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Fox Sports Enters Virtual Reality Arena with College Football

The broadcaster partners with LiveLike to live stream Saturday’s Ohio State-Oklahoma game for a 360 degree experience

Fox has two of the larger fanbases in college football all to itself on Saturday night when #3 Ohio State takes on #14 Oklahoma, and to mark the occasion, Fox will be offering up a virtual reality live stream as well.

Fans who can’t make it all the way out to Norman, Oklahoma can access the VR live stream from their iOS or Android phones via the Fox Sports VR app.

The caveat: That doesn’t mean you’ll be able to experience the game from a player’s perspective during the live broadcast — that technology is still a bit of time off. The point is more to give you the experience of being in the stadium, minus the absurdly long beer and bathroom lines and upchucking college kids.

So instead of flinching every time a linebacker comes hurtling into their field of view, users of the Fox Sports VR app will instead be viewing the action from a special VIP suite designed to mirror one in the stadium, or from certain on-field (sideline) perspectives. To create this “VIP” experience, Fox Sports is partnering with virtual reality firm LiveLike, which specializes in live sports.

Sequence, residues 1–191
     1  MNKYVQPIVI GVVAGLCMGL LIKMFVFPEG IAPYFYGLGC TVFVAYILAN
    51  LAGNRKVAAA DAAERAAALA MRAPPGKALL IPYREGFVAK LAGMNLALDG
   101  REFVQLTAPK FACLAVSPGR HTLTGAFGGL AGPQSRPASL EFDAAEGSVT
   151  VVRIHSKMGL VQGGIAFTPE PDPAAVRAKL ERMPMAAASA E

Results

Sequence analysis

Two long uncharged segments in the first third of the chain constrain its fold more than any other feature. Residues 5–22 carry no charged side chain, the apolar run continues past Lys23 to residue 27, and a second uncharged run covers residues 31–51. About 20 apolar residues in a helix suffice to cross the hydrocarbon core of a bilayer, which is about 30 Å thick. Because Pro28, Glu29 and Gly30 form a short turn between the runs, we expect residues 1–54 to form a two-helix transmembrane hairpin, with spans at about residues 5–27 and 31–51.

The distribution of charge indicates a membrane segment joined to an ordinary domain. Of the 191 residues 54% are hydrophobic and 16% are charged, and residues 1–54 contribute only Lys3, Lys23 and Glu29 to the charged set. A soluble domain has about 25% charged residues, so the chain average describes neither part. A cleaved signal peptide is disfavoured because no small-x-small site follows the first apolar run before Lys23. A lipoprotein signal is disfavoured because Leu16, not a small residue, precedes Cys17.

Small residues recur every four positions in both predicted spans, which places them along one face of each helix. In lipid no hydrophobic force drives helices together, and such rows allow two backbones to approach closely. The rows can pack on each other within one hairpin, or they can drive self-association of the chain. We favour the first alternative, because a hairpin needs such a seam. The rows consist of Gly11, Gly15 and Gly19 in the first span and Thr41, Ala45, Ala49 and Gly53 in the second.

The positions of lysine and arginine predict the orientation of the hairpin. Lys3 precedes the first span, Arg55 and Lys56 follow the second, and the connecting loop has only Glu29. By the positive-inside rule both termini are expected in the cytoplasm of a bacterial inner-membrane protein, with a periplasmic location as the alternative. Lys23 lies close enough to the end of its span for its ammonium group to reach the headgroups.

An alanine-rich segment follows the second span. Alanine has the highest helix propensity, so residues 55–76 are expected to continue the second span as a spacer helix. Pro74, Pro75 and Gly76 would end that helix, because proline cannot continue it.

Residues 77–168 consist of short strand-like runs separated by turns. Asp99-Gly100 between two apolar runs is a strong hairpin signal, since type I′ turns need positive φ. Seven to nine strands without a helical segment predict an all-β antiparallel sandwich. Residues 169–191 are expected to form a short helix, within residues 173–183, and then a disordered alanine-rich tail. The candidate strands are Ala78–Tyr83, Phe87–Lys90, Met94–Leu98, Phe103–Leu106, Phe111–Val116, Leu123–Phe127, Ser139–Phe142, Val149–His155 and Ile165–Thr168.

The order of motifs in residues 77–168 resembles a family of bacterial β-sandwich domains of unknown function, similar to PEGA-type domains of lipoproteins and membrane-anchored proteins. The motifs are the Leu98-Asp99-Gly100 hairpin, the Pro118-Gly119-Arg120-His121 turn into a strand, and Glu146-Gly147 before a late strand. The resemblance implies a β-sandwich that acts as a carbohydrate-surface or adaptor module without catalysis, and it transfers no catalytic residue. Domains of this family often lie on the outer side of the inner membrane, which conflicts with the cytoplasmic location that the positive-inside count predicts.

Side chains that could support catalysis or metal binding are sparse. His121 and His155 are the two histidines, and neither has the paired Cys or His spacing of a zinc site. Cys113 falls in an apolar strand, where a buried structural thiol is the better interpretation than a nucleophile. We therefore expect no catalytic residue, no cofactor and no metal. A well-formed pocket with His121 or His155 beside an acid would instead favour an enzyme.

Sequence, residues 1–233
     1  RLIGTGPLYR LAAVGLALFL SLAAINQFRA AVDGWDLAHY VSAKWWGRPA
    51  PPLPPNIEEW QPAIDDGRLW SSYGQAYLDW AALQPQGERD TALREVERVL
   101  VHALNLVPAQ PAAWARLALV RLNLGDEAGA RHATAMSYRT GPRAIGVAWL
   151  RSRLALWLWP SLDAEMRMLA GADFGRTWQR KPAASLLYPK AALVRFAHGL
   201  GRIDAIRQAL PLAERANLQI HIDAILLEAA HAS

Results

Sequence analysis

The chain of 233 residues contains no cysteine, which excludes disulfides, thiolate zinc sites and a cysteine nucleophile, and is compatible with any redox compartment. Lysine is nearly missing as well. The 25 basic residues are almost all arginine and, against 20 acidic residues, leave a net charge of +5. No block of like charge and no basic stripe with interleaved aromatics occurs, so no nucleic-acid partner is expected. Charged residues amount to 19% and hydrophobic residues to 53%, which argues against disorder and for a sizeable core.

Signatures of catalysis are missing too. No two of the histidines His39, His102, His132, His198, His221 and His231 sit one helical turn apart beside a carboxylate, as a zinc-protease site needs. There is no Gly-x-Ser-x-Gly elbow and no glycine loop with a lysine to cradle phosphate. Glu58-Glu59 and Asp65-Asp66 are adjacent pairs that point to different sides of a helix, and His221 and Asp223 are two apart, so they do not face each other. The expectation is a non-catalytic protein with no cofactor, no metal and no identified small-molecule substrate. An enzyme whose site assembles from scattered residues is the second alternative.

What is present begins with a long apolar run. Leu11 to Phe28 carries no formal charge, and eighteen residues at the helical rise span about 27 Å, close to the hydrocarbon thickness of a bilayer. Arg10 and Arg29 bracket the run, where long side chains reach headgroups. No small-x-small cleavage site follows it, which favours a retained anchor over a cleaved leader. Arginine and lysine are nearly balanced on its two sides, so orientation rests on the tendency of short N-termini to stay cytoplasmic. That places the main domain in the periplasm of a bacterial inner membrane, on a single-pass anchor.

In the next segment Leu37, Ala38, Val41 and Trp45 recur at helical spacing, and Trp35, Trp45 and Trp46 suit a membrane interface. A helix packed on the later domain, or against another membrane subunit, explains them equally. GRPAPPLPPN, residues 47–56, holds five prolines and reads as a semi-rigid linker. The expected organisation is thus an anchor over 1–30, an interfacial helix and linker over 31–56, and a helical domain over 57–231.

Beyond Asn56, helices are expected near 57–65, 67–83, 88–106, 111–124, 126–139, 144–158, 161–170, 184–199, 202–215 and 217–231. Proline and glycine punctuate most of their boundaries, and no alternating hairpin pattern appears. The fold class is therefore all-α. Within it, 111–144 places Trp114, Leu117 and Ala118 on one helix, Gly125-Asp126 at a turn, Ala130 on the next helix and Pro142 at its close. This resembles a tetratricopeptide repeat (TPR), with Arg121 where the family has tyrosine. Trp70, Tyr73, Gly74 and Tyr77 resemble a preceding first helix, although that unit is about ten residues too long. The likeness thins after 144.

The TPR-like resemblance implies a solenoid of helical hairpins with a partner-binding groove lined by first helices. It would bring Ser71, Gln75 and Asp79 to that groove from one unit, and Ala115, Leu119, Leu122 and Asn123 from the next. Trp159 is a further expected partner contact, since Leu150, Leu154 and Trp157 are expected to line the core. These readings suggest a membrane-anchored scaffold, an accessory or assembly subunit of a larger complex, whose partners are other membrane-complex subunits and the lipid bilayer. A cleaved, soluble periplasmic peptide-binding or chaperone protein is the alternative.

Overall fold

This also isn’t an experience meant for cord-cutters. You have to be able to authenticate through a pay TV provider through the Fox Sports VR app, the same as you would have to do if you were live streaming the regular telecast via the Fox Sports Go app.

Primetime on Saturdays is usually reserved for ABC/ESPN’s big game of the week, but Fox is looking to muscle in on their territory. The virtual reality push is just the natural up- — this will be the first major sporting event that can be live streamed in this way. (Facebook-owned VR company Oculus just won an Emmy, after all.)

As for how many people will actually take advantage of the VR stream, that remains to be seen.

Although the Fox Sports VR app is available on most smartphones, the actual experience of virtual reality can be a bit of a headache. (Literally.) Even with padding and lighter headgear than in decades past, it’s a more cumbersome apparatus that can totally isolate you from your fellow viewers — or, if you’re alone, lead to disorientation and puking of one’s own, particularly after spending long stretches of time immersed in a fake (though real-seeming) stadium.

But at least this Saturday you’ll have the option. And, Fox says, you’ll have more opportunities: The Ohio State-Oklahoma game is just the first of several.